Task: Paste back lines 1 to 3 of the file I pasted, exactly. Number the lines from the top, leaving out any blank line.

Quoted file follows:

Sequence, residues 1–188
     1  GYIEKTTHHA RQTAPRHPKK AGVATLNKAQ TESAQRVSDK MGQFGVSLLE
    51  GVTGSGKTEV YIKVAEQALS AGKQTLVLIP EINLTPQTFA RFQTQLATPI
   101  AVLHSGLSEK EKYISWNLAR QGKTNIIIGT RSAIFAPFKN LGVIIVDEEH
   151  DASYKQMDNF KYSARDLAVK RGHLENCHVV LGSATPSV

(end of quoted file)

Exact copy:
Sequence, residues 1–188
     1  GYIEKTTHHA RQTAPRHPKK AGVATLNKAQ TESAQRVSDK MGQFGVSLLE
    51  GVTGSGKTEV YIKVAEQALS AGKQTLVLIP EINLTPQTFA RFQTQLATPI